Photographing Sicily, Part I

Sicily is arguably the Italian region with the most varied historical past. Over the centuries, it was ruled by Greeks, Carthaginians, Romans, Byzantines, Arabs, Normans, Swabians, French, Spaniards, and Austrians, before becoming part of the Kingdom of Two Sicilies and finally Italy, after the unification of the country in 1861.

All of those dominations left indelible traces in the region’s cultural and architectural character, sometimes stratified atop each other, like in Syracuse’s baroque cathedral – whose nave’s pillars are made from the columns of a Greek temple – or in the unique mix of Arab and Norman architectural styles present in many of the churches and palaces of Palermo.

Those with a penchant for etymology can entertain themselves trying to guess from which language Sicily’s toponyms come from. While Palermo, Syracuse, and Agrigento, to name a few, are derived from Greek names, the city of Gibellina owes its name to the Arabic “jebel”, meaning “mountain”, and the Zisa castle to “al-Aziz”, meaning “splendid”.

This tumultuous past and its island nature have left a trace in the spirit of its Sicilians, whose character can be sometimes described as exuberant and flamboyant and at times reserved and diffident. Due to their past, Sicilians have learned to examine things with a skeptical eye and to distrust foreigners, but once you break behind the initial barrier, they can be some of the most affable and hospitable people in the world.

Sicily is the largest island in the Mediterranean. Its area of 25,711 km² (almost 10,000 square miles) and 1,484 km (922 mi) of coastline encompass a wide variety of natural landscapes and human environments.

In addition to its natural beauty, Sicily boasts an incredible concentration of works of art, including from the magnificent Greek temples of Agrigento, incredibly well-preserved mosaics of Roman villas, Arab mosques later transformed into Christian churches, Norman castles and cathedrals adorned by the most detailed Byzantine mosaics, medieval gothic towns, and majestic examples of Baroque architecture.

The following sections will introduce some of the most notable examples of the beauty of Sicily, as captured by me during some of my trips to the island. The presentation follows, in a roughly chronological order, the phases of the island’s history that left the most visible traces.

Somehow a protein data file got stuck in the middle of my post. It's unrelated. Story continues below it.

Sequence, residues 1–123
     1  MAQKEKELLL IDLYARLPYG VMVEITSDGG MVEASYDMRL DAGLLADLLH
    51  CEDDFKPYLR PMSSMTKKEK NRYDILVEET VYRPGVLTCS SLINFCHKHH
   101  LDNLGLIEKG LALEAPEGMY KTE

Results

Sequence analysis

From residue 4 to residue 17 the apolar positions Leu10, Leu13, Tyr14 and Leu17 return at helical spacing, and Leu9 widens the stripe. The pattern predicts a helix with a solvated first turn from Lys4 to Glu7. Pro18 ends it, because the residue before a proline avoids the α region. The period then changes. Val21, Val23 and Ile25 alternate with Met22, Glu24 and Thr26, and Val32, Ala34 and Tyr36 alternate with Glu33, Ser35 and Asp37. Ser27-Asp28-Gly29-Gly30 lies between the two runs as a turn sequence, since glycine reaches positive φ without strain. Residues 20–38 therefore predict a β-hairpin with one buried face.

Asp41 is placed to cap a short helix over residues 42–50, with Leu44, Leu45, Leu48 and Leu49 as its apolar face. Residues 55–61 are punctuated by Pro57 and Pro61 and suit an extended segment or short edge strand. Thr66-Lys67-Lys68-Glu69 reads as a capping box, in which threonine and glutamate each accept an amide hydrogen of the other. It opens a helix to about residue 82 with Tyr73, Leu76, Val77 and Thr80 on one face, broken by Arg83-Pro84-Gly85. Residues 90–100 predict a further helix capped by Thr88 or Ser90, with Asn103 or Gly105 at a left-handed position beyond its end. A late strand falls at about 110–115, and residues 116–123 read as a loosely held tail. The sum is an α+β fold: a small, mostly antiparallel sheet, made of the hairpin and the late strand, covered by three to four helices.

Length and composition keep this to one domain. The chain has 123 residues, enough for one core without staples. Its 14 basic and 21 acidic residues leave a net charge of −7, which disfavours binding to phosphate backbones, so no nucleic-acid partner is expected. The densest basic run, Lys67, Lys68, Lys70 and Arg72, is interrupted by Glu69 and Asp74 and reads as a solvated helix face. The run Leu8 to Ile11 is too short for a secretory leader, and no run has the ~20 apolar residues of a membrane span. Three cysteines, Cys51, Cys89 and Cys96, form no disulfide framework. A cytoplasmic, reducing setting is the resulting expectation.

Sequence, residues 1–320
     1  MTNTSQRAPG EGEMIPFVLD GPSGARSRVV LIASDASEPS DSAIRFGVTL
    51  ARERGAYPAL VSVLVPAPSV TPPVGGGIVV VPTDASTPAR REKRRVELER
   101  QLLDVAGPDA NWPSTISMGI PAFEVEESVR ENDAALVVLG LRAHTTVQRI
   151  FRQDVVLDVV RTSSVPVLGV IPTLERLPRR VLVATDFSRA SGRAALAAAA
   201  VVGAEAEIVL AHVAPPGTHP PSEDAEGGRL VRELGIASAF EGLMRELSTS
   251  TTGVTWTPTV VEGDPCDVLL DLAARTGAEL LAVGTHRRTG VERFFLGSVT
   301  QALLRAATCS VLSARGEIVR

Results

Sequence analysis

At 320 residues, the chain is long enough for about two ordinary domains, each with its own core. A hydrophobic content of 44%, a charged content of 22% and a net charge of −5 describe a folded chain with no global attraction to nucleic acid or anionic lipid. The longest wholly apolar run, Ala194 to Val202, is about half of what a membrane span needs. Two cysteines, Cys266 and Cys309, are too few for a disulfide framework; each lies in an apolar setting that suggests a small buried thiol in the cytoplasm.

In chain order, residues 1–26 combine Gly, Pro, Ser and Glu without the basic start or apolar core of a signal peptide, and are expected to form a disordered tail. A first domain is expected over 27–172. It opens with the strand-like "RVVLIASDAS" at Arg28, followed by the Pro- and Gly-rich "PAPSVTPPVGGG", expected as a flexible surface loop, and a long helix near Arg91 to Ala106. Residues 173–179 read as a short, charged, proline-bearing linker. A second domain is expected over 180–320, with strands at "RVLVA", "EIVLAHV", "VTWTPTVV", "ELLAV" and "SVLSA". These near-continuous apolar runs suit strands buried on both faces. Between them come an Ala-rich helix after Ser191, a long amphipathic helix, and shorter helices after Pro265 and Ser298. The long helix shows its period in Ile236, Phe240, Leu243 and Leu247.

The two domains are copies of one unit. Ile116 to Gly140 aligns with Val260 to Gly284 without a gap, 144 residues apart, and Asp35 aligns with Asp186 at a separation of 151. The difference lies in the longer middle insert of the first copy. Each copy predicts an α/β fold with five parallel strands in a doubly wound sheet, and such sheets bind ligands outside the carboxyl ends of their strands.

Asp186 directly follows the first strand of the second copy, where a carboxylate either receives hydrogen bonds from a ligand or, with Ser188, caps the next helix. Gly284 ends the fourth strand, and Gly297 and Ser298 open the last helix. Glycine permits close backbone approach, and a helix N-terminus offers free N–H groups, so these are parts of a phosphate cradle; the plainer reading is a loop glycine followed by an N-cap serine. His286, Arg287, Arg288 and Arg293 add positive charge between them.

Greece outside of Greece: Magna Graecia

For a few centuries, most of Southern Italy was colonized by Greeks, who elected to leave their sometimes inhospitable homeland and the strife between rivaling cities, and found here huge swaths of incredibly fertile land, with very few inhabitants.

In this part of the world, that the Romans later dubbed Magna Graecia (Greater Greece) they founded colonies whose riches and power sometimes surpassed those of their Greek counterparts. By way of example, Akragas (nowadays Agrigento) in its heyday had a population of over 300,000 and was a true superpower at the time, but still had to contend with cities of similar magnitude, like Syracuse.

If you’d like to see some of the most prominent ruins from the Classical Greek period, you can start with Syracuse, Segesta, and Selinunte, but nowhere else you can find a greater concentration of huge and well-preserved monuments like in the Valley of Temples, a UNESCO World Heritage site near the modern city of Agrigento. If time allows, make sure you visit the site during one of the evening openings, when the temples are lit just as the sun sets.

The Temple of Concordia, Valley of the Temples
The Temple of Concordia, Valley of the Temples

Rome Takes Over

The Greeks shared the island with the Phoenicians and the Carthaginians, who didn’t leave us any monument of comparable grandiosity, but after the Punic Wars, Rome asserted its complete domination over Sicily.

The most notable archaeological sites from the Roman period are the Theatre of Taormina (while a Greek theatre originally stood in that place, it was later completely rebuilt by the Romans) and the Villa del Casale near Piazza Armerina.

The ruins of this grandiose country villa, possibly owned by an emperor or a high-level aristocrat, contain hundreds of square meters of exceptionally well-preserved and highly detailed mosaics, depicting mythological subjects, everyday scenes, a hunt, banquets, and a chariot race. Even girls in a bikini, believe it or not, are depicted there.

The mosaics of the Villa del Casale, Piazza Armerina
The mosaics of the Villa del Casale, Piazza Armerina
The mosaics of the Villa del Casale, Piazza Armerina

In the next installment of this series, we’ll discover the remains of the Arabo-Norman culture, which left some of the most extraordinary works of art and architecture of all.

If you’d like to visit Sicily (and other parts of Southern Italy) with me, check out my Southern Italy Photo Tour.

Southern Italy Photo Tour

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